There will be 30-35 minute quiz every Friday. There are no make-up quizzes. If you miss a quiz, you have to take it prior to the next class meeting. The sixth quiz can be taken only on Friday, the last day of classes. The quizzes are inclusive. Your grade is based on the quizzes, homework, class participation.
Final is optional. You can have your grade entirely based as stated above. Each quiz is worth 20 points. There are six quizzes, all of which you have to take. We take out the lowest grade. If you wish to take the final, the grade of the final is combined with 5 quizzes. We split the total in half.
This course uses Ayers’ Bioscientific Terminology as its chief resource. The Greek and Latin bases presented in the 40 chapters and the rules of combining the bases with prefixes, suffixes, and other bases will be explained by Professor Roisman. Professor Bowman will discuss the current meanings of the various biomedical terms with examples from science and biology, especially from parasitology, which is his expertise. The meanings of the bases will be reinforced through the presentation of illustrations that will connect the bases taught in the course to words that are regularly used in the medical and scientific literature of today. Students will be able to recognize unknown words through the combinations of different bases and the application of the skills acquired from base recognition, and use this knowledge in reading scientific and medical literature and associated material.
This course requires memorization. All the studies on memory agree that short, frequent periods of study are more effective in achieving long-term memory than longer but less frequent study. Memorizing the bases Thursday night may get them into short-memory (adequate for Friday’s quiz), but you will soon forget them. Since this course is intended to help you in your future work, both in later courses and in your future profession, it will be more beneficial for you to achieve long-term memory. All the quizzes are cumulative (prefixes or bases from chapter 1 will show up on quizzes for chapter 17, for example), but it is more important to consider that all these roots continue to show up in your everyday life and work for the rest of your professional career in the biological sciences.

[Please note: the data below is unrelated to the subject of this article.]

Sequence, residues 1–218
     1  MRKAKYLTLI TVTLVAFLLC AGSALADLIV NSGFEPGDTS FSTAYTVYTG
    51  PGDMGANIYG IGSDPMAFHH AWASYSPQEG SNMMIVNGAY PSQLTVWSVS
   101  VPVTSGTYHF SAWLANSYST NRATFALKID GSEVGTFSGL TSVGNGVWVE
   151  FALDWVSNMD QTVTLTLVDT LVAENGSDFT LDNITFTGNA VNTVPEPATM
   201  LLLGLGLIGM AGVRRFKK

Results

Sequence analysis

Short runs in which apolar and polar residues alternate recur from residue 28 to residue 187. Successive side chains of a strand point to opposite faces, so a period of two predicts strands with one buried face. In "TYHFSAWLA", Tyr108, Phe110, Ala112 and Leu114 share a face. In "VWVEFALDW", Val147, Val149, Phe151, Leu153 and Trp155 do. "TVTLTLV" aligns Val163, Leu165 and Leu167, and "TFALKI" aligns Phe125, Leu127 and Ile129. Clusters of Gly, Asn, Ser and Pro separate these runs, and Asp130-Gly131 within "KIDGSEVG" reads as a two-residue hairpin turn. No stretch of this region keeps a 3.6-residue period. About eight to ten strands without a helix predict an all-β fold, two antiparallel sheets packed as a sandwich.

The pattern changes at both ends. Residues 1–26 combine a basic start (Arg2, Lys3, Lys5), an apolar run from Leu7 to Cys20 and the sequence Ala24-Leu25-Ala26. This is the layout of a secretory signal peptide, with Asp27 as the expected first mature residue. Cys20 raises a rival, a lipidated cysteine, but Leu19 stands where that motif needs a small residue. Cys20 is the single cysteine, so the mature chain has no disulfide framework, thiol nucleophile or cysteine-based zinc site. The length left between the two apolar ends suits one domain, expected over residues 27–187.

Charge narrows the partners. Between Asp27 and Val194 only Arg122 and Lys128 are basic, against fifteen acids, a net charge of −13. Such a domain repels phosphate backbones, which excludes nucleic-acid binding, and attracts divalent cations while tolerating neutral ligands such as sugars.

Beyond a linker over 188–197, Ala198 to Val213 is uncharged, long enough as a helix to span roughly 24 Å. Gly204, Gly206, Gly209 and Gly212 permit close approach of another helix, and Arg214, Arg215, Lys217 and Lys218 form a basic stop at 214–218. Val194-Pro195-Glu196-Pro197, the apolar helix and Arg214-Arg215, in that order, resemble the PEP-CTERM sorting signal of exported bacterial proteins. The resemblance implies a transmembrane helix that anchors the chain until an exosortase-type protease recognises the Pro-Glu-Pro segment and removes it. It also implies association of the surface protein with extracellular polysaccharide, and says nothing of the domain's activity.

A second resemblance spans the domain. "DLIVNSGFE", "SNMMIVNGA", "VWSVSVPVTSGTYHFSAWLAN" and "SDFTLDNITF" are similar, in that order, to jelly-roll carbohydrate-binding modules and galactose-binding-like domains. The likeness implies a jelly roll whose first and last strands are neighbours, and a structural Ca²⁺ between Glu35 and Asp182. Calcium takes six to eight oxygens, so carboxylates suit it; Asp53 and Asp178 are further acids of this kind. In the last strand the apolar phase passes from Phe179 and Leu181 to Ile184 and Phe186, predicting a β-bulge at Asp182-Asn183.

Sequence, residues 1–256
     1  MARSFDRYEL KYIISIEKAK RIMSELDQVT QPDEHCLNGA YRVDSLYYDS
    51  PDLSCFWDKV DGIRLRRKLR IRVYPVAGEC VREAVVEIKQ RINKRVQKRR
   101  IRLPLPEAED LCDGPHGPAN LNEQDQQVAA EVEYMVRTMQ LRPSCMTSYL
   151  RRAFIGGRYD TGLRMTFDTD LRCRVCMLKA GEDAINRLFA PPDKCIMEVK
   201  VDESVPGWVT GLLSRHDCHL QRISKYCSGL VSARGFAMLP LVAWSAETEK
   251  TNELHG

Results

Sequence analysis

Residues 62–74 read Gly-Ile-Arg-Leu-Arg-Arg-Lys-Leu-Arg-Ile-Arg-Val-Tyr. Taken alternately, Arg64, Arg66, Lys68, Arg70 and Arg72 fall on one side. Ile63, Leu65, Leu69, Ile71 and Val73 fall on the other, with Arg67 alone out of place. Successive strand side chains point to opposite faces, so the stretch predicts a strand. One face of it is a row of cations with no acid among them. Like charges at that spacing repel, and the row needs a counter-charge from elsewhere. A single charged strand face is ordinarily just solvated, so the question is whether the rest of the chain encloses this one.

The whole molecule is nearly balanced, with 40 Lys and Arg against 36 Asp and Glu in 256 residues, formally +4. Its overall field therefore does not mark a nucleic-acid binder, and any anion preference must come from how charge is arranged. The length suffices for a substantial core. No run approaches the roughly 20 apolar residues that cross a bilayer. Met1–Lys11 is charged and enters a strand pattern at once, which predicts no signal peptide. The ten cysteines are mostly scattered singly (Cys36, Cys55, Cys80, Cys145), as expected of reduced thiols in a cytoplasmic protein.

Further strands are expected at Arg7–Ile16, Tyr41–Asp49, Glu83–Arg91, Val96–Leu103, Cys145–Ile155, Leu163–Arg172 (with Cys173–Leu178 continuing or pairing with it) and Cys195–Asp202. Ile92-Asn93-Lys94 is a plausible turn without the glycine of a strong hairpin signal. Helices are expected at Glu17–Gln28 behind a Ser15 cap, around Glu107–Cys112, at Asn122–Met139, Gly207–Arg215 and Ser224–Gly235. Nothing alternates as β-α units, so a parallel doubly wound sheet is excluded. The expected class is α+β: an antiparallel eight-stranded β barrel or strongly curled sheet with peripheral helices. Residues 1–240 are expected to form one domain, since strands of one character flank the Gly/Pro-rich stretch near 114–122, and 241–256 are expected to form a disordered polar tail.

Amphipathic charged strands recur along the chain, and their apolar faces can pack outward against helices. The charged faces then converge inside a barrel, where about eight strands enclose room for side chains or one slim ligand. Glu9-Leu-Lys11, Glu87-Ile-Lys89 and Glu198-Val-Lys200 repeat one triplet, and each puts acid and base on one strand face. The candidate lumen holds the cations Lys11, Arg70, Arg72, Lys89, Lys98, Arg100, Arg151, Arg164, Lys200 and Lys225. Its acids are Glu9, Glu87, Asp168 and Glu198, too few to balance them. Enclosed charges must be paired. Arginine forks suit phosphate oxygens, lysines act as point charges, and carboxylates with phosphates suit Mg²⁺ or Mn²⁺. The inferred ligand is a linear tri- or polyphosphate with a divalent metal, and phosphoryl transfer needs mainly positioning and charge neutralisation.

Your goal is to learn the Latin and Greek bases, prefixes and suffixes with their meanings. If you have done this, you will be able to determine the “etymological” meaning of any word, i.e., what the meanings of the elements add up to. In the sciences, this will always tell you an important part of the definition of the word, and will help you to remember it and spell correctly. It will not tell you, obviously, everything there is to know about the word, and you are not expected, in this course, to know more than the etymological meaning. This course is not a course in biology, and in this respect the student who has had many courses in biology does not have an advantage over the student with very little background. The textbook gives definitions for the words, and Professor Bowman will expand on these definitions; the value of this is that you can relate the etymology of the word to its definitions. You will not be examined on the definitions, but only on the etymology; therefore words from a variety of specialties, words not in the book, and occasionally words which do not currently exist, will appear on quizzes. New words are being coined daily, and we have coined words which are now in use, while some of you will almost certainly have the opportunity to create an “official” word at some point.
We shall explain every new chapter and we shall go over the exercises together. Please come to class prepared, and bring questions. Questions about etymology and meaning of vocabulary outside the textbook, including non-scientific words derived from bases we are studying, are welcome, and if we cannot answer them immediately, we will research the word and report back to the class. At some point later in the course, we will tell you how to do this sort of research yourselves — some of you will find word histories a fascinating hobby.
It is Cornell policy to provide reasonable accommodations to students who have a documented disability (e.g., physical, learning, psychiatric, vision, hearing, or systemic) that may affect their ability to participate in course activities or to meet course requirements. Students with disabilities are encouraged to contact Student Disability Services and their instructors for a confidential discussion of their individual need for academic accommodations. Student Disability Services is located in 420 CCC. Staff can be reached by calling 607.254.4545.